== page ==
Native and sodium dodecyl sulfate-capillary gel electrophoresis of proteins on a single microchip

Authors

  • Shuo-Wen Tsai,

    1. Research Center for Advanced Science and Technology, The University of Tokyo, Tokyo, Japan
    2. Laboratory of Advanced Bioelectronics, National Institute for Advanced Industrial Science & Technology, Tsukuba Central 4, Ibaraki, Japan
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  • Michael Loughran,

    Corresponding author
    1. Laboratory of Advanced Bioelectronics, National Institute for Advanced Industrial Science & Technology, Tsukuba Central 4, Ibaraki, Japan
    • Laboratory of Advanced Bioelectronics, National Institute for Advanced Industrial Science & Technology, Tsukuba Central 4, 1–1-1 Higashi, Tsukuba, Ibaraki, 305–8562, Japan Fax: +81-29-855-3833
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  • Hiroaki Suzuki,

    1. Institute of Materials Science, University of Tsukuba, Ibaraki, Japan
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  • Isao Karube

    1. Research Center for Advanced Science and Technology, The University of Tokyo, Tokyo, Japan
    2. Laboratory of Advanced Bioelectronics, National Institute for Advanced Industrial Science & Technology, Tsukuba Central 4, Ibaraki, Japan
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Abstract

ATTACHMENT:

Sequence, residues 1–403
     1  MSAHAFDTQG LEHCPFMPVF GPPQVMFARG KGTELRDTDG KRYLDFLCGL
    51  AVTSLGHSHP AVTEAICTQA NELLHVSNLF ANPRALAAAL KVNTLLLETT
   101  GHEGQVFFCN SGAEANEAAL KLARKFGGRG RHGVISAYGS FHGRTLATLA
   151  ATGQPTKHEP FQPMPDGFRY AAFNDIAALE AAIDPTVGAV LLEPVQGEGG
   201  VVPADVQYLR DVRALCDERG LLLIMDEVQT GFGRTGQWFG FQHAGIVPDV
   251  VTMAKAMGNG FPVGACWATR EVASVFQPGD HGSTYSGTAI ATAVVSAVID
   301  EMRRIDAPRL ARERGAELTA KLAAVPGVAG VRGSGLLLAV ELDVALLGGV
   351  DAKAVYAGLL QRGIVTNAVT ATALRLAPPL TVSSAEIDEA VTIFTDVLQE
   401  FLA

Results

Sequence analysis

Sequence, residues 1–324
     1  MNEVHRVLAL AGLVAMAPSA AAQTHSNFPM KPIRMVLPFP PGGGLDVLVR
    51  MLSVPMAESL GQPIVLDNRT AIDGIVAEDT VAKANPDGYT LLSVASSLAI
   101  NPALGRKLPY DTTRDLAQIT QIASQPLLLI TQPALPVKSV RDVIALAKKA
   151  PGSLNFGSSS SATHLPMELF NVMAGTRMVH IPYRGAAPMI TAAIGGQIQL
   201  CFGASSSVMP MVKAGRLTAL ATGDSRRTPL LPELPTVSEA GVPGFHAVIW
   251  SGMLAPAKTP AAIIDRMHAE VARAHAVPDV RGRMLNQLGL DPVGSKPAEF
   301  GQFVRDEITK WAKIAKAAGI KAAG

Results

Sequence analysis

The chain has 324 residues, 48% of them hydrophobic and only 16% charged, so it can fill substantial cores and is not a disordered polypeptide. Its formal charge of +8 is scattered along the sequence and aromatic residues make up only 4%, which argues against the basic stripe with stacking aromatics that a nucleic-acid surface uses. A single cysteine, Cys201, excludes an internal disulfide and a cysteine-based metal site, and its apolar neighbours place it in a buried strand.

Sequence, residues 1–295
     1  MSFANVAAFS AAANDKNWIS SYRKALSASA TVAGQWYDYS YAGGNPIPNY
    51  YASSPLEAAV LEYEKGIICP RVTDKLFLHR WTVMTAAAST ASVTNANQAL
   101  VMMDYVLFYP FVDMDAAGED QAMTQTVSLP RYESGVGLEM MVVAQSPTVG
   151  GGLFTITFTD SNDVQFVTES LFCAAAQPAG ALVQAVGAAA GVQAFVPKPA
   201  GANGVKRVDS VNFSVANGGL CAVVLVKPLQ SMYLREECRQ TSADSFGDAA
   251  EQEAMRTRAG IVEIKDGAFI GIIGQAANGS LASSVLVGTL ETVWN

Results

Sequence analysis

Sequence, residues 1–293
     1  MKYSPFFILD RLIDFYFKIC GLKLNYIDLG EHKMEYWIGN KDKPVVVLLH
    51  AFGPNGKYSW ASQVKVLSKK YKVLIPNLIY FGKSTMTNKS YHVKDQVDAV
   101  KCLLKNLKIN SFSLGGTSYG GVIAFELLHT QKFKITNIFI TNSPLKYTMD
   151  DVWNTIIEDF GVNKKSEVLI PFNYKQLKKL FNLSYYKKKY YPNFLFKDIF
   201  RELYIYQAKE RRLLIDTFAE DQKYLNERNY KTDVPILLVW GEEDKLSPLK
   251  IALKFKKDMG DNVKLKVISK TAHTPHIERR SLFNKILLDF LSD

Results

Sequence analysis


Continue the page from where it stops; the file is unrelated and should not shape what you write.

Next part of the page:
Simultaneous electrophoresis of both native and Sodium dodecyl sulfate (SDS) proteins was observed on a single microchip within 20 min. The capillary array prevented lateral diffusion of SDS components and avoided cross contamination of native protein samples. The planar sputtered electrode format provided a more uniform distribution of separation voltage into each of the 36 parallel microchannel capillaries than platinum wire electrodes commonly used in conventional electrophoresis. The customized geometry of the stacking capillary machined into the cover plate of the microchip facilitated reproducible sample injection without the requirement for stacking gel. Polyimide served as a mask and facilitated insulation of the anode and cathode to prevent electrode lift off and deterioration during continuous electrophoresis, even at a constant current of 8 mA. Improved protein separation was observed during capillary electrophoresis at lower currents. Ferguson plot analysis confirmed the electrophoretic mobility of native globular proteins in accordance with their charge and size. Corresponding Ferguson plot analysis of SDS-associated proteins on the same chip confirmed separation of marker proteins according to their molecular weight.

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